U.S Inflation climbed to 8.5% in March, Highest Rate since 1981

U.S. consumer price increases quickened in March, underscoring ongoing inflation pressures as supply chain disruptions and shortages lingered across the economy.

The Bureau of Labor Statistics (BLS) Consumer Price Index (CPI) rose 8.5% in March compared to the same month last year, according to the latest report released Tuesday. That marked the fastest rise since December 1981. This followed a 7.9% annual increase in February. According to Bloomberg data, heading the report, consensus economists were looking for an 8.4% jump for March.

On a month-over-month basis, prices rose 1.2% in March following a 0.8% monthly rise in February.

Some of the biggest contributors to the latest increase in inflation were food, shelter and gasoline, according to the BLS. In fact, the index tracking gas prices surged to rise 18.3% month-on-month in March, comprising more than half of the total monthly increase in CPI. In February, gasoline had posted a 6.6% monthly increase.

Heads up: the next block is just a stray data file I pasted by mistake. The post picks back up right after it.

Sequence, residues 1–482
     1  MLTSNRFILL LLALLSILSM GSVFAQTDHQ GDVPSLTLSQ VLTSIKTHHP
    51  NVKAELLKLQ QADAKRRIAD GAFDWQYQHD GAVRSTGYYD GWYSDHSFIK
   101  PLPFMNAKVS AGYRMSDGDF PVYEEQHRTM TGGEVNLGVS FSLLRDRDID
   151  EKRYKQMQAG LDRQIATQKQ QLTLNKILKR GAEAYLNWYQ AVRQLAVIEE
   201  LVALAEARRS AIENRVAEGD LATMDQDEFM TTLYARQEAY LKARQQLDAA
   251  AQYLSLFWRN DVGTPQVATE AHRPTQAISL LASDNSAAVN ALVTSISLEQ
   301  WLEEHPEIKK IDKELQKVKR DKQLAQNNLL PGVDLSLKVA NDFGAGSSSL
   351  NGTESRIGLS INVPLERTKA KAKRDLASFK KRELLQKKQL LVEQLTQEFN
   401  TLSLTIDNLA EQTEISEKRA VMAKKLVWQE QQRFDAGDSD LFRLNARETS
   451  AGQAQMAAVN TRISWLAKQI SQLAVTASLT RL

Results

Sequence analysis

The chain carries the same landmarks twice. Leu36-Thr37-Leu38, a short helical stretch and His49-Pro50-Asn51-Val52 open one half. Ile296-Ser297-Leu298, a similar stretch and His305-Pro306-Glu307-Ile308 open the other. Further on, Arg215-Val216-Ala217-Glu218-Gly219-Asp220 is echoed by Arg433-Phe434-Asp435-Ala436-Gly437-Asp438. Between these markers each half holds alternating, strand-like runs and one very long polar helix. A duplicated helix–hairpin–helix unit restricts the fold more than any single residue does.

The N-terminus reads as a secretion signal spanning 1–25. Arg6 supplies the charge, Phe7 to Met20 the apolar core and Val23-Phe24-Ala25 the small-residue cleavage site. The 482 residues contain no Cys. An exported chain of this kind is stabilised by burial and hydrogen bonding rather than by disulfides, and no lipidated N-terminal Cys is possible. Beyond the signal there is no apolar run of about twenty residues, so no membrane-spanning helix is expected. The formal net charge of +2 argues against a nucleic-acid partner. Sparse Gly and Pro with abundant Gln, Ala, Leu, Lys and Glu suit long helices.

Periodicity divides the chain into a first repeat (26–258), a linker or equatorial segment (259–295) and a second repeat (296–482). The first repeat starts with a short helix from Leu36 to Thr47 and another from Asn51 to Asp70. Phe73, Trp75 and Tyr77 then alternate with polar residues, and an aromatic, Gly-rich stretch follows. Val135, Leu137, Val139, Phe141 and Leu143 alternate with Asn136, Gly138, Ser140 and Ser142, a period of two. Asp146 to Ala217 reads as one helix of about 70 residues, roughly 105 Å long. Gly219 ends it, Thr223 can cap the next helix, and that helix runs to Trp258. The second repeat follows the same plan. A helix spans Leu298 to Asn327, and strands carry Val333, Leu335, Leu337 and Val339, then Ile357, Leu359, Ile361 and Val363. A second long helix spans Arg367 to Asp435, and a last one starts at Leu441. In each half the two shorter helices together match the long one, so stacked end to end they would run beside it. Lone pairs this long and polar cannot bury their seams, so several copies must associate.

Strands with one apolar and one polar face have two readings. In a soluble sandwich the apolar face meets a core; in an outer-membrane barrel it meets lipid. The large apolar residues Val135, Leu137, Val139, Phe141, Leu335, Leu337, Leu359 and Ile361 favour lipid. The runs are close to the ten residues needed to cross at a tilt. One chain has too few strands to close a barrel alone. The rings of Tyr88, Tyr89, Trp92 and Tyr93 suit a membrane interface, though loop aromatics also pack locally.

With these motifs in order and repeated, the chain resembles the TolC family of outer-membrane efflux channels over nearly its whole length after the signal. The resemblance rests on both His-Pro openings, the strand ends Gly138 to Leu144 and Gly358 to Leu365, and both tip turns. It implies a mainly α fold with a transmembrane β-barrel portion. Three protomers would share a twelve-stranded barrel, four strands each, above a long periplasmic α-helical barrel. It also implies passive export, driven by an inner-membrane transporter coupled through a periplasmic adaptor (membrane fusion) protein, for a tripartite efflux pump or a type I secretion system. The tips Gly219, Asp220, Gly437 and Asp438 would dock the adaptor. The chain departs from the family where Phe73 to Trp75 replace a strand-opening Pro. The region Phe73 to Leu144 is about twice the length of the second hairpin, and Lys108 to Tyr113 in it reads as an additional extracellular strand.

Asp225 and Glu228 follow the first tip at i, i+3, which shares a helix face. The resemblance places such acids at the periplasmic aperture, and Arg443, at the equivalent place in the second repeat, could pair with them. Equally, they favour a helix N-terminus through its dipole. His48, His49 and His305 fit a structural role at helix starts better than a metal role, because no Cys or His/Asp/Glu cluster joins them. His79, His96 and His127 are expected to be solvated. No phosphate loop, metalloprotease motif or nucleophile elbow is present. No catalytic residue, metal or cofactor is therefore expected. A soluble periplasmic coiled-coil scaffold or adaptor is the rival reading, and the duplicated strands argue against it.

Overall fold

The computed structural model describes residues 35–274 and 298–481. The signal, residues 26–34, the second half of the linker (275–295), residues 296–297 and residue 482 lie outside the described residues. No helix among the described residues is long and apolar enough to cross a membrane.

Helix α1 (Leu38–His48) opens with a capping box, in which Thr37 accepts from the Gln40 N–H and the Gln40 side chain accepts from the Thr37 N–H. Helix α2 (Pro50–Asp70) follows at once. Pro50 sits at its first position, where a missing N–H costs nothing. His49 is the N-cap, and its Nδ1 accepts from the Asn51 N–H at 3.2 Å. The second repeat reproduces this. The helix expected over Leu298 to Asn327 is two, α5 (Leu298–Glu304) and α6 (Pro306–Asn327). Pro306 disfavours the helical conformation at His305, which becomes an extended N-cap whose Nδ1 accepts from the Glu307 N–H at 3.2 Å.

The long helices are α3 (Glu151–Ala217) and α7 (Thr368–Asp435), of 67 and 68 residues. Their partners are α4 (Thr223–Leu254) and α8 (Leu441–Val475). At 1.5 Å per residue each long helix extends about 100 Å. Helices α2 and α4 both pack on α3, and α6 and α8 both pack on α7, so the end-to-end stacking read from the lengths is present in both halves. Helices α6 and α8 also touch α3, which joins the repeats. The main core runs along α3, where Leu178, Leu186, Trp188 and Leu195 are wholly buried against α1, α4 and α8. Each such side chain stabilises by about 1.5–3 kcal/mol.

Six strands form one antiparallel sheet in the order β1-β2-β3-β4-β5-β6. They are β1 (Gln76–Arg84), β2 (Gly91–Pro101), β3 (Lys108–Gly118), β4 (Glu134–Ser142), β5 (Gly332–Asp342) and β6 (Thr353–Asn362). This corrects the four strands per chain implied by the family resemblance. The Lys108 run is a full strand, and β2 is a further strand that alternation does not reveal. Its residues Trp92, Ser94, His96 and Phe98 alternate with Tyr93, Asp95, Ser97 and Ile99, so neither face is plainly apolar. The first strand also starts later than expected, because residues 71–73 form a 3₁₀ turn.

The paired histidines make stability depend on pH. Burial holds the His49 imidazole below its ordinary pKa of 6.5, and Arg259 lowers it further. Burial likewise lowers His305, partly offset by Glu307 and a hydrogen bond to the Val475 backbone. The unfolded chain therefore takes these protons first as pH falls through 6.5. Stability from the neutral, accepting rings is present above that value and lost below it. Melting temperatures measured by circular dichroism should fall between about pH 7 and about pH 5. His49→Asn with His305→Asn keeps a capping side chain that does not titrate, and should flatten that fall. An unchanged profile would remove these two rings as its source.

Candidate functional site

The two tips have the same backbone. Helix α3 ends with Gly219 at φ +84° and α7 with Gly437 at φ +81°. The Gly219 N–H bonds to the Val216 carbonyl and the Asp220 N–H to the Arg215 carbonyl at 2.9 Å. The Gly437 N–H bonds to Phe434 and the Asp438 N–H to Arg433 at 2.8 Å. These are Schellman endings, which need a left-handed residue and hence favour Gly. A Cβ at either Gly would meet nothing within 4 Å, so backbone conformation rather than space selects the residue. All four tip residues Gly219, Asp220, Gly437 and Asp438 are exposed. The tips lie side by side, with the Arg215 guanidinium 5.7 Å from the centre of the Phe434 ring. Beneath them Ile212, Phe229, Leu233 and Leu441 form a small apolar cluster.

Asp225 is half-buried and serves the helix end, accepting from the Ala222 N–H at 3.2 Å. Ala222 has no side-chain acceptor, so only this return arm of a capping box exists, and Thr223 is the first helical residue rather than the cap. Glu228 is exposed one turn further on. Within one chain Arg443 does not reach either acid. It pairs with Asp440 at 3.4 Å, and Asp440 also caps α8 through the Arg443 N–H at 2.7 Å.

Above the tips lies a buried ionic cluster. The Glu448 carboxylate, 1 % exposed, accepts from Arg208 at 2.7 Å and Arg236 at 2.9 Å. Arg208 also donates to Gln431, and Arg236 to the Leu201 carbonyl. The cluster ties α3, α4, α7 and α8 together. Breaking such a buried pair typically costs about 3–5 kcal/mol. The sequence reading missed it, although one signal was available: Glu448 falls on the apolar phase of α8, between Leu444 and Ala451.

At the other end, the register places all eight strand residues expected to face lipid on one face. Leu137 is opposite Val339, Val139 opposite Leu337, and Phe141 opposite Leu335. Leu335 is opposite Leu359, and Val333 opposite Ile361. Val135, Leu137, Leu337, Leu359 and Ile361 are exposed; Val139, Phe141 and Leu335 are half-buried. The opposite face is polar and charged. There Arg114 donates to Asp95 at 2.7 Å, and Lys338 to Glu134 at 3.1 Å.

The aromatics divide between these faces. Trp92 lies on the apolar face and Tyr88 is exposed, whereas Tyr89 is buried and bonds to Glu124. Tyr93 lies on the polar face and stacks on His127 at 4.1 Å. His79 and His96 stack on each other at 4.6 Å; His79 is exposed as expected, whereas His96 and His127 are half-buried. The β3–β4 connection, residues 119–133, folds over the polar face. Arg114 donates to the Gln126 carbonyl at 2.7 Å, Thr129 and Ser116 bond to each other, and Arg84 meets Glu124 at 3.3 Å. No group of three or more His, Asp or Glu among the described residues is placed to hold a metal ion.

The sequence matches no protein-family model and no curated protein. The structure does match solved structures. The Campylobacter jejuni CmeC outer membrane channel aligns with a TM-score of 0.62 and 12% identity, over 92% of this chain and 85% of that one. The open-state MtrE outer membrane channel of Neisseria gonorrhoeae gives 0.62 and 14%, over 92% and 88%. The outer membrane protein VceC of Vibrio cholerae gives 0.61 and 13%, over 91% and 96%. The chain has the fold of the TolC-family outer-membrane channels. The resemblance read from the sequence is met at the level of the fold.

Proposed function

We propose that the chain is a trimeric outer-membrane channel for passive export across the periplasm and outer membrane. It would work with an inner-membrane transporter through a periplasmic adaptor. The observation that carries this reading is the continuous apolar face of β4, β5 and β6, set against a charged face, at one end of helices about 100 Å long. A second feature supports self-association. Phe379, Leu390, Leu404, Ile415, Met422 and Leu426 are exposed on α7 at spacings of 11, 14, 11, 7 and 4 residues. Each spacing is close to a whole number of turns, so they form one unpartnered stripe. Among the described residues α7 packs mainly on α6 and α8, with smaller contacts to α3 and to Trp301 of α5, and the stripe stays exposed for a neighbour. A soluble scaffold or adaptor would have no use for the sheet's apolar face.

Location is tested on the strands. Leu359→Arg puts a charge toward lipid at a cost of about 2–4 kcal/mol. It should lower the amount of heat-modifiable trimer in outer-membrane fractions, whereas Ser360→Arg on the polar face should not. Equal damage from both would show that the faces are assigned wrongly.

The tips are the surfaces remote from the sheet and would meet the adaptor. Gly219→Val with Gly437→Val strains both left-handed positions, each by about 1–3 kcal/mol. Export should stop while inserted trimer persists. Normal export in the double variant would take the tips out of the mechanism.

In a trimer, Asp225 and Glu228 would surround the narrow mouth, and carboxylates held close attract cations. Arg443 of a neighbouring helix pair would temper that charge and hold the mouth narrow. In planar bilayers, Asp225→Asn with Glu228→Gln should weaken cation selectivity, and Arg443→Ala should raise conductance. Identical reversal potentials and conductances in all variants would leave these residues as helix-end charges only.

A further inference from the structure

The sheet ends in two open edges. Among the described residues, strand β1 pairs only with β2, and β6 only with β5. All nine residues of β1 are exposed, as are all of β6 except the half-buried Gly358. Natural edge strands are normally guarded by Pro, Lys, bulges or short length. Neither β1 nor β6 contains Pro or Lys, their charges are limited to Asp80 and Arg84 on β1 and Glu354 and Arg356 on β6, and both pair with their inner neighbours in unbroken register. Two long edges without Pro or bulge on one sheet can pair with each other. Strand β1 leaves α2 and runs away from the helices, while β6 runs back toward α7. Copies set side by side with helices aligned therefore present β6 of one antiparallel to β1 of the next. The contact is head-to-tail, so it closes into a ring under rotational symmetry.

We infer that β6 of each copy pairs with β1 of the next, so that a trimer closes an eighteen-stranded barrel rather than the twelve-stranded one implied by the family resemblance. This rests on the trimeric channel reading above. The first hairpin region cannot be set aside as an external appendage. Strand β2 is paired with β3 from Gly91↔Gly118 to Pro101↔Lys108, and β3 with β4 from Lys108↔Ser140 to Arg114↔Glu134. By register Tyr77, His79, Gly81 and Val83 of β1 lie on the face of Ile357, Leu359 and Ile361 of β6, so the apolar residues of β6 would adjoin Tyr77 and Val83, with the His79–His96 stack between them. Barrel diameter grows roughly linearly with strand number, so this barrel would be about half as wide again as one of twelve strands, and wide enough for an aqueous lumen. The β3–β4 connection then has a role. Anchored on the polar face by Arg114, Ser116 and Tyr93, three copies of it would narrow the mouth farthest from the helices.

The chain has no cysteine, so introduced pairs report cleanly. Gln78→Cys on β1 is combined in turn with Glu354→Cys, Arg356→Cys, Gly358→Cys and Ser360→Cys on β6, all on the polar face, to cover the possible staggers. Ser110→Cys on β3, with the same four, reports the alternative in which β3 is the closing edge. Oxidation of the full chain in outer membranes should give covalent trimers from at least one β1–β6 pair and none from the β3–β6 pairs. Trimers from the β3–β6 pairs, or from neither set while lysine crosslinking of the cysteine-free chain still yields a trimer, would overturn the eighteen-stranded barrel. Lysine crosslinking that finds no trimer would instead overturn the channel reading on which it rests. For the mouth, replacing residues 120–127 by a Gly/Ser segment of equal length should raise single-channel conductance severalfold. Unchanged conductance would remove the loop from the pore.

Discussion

However, despite the more volatile food and energy prices, the CPI also posted a marked move higher in March. The core CPI jumped 6.5% in March over last year, accelerating from a 6.4% increase in February and representing the fastest increase since August 1982.

A number of other major categories also contributed to the March increase in CPI, however. Shelter prices rose 0.5% month-on-month in March and by 5.0% over last year, representing the biggest annual rise since May 1991. Airline fares also soared by 10.7% on a monthly basis and by nearly 24% over last year, as rising fuel costs and increased demand for travel pushed ticket prices still higher.

Economists have however expressed hope that the CPI will reduce in the coming months with Andrew Hunter, senior US economist at Capital Economics saying energy prices would come down in the months ahead as there were signs that price pressures appear to be moderating.

Read also; Kenya Shilling Drops Further to 115 Against the U.S Dollar.

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